Kyoizumi, 1998 (x-ray epilation)

Kyoizumi, 1998

Title: Radiation sensitivity of human hair follicles in SCID-hu mice.

Authors: Kyoizumi S, Suzuki T, Teraoka S, Seyama T

Journal: Radiat Res 1998 Jan;149(1):11-8

PMID: 9421149, UI: 98081502

Affiliated institution: Department of Radiobiology, Radiation Effects Research Foundation, Hiroshima, Japan.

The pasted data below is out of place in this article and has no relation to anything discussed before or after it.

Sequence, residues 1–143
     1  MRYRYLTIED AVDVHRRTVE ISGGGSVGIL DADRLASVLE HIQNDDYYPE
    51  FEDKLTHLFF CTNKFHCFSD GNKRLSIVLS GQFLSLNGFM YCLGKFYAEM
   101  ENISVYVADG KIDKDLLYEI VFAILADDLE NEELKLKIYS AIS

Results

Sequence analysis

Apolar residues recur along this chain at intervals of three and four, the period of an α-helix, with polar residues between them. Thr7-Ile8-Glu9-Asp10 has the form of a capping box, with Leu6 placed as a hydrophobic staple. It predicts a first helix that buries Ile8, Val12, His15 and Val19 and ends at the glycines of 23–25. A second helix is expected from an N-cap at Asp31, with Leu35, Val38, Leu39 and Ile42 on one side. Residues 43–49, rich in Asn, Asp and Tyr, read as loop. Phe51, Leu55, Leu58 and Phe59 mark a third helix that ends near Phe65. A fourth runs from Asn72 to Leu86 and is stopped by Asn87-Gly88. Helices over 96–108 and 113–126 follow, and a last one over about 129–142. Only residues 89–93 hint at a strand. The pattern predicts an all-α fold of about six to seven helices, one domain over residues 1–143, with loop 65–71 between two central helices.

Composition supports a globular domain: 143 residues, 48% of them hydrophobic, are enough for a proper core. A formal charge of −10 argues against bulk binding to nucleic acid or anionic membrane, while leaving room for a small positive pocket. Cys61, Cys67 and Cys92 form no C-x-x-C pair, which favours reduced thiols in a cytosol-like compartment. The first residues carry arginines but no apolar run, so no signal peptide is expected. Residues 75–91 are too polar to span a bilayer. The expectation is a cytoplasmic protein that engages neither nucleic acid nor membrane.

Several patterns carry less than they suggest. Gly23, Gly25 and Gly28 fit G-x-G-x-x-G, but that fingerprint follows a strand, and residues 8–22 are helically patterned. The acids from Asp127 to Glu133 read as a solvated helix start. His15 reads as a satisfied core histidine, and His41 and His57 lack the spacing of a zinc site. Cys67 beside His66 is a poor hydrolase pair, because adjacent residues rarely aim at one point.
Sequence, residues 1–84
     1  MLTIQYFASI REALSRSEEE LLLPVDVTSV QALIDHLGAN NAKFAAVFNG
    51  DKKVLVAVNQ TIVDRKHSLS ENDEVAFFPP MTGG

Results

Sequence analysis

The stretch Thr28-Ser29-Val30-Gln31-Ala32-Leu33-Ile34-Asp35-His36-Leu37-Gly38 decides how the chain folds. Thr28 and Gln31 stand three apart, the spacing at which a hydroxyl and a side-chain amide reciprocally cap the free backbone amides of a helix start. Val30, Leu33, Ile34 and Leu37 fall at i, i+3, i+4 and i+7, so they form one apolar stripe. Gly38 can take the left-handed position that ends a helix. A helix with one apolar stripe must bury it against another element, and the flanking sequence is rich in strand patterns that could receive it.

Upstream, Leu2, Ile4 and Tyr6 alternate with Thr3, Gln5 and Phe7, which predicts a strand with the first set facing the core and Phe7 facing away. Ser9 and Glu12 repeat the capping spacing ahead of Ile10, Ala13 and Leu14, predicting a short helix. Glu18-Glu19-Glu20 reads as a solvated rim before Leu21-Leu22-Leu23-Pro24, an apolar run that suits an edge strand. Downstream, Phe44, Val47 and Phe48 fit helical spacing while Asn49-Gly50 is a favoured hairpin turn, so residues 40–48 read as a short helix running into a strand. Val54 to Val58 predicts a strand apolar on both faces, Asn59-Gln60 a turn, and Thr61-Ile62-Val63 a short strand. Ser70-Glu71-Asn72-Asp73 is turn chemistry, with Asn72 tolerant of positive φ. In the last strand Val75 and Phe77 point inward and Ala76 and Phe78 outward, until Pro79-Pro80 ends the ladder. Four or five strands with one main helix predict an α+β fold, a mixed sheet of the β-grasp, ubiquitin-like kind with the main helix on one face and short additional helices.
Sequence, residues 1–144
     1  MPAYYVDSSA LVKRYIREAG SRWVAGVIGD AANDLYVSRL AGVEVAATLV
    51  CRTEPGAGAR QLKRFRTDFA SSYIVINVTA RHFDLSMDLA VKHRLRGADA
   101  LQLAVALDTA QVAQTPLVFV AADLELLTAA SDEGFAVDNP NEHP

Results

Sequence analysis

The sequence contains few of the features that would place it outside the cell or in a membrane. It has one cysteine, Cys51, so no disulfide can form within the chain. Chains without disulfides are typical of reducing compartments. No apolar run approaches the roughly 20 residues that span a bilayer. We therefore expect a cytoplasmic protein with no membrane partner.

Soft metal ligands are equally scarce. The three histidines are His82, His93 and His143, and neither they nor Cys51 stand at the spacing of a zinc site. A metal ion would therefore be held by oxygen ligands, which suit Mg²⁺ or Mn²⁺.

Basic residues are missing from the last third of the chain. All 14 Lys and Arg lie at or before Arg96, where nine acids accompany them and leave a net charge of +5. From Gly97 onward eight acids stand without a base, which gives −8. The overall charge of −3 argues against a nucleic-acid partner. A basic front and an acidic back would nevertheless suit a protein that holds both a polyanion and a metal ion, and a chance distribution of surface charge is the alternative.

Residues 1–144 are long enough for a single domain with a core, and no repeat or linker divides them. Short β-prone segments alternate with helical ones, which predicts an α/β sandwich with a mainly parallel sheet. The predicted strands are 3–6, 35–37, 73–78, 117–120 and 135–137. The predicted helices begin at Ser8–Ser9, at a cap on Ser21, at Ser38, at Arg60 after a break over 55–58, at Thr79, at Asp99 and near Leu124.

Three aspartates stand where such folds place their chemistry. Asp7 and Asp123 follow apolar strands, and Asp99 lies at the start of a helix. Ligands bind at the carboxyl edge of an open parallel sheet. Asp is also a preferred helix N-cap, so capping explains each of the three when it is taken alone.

We developed an experimental model for studying the growth and epilation of the human hair follicle by implanting human scalp tissue onto immunodeficient C.B-17 scid/scid mice. The skin grafts showed continuous growth of black human hairs for at least 1 year and maintained the normal histological structure of a human hair follicle and other tissues associated with the skin. Using this in vivo model, we evaluated the effect of irradiation on the function of human hair follicles. Localized X irradiation (1 to 6 Gy) induced hair loss dose-dependently and synchronously in the third week after irradiation. The hairs undergoing epilation showed a gradual decrease in width toward the root. The minimum width at the thinnest portion of the surviving hair 4 weeks after irradiation suggested that epilation resulted from the breaking of hairs when the hair width decreased to less than 20 microm. After the highest-dose irradiation, the normal structure of the hair bulb was totally abrogated, and long and narrow epithelial tissues associated with regressed papillary cells remained. The surviving epithelia were morphologically similar to the outer epithelial sheath of the follicle associated with palisadic basal cell layers. In the third week some cells in the basal layers of the surviving epithelium in each follicle expressed proliferating cell nuclear antigen. By about 9 weeks after irradiation, the complete structure of the follicle regenerated, with hair growth activity even in the grafts irradiated at the highest dose, although about 30% of the hairs did not regrow. These findings suggest that follicular stem cells that survive high-dose exposure in the sheath-like epithelial tissue can reproduce the complete follicle structure. This animal model can be used to assess the effects of radiation exposure on human skin and to identify and characterize human follicular stem cells.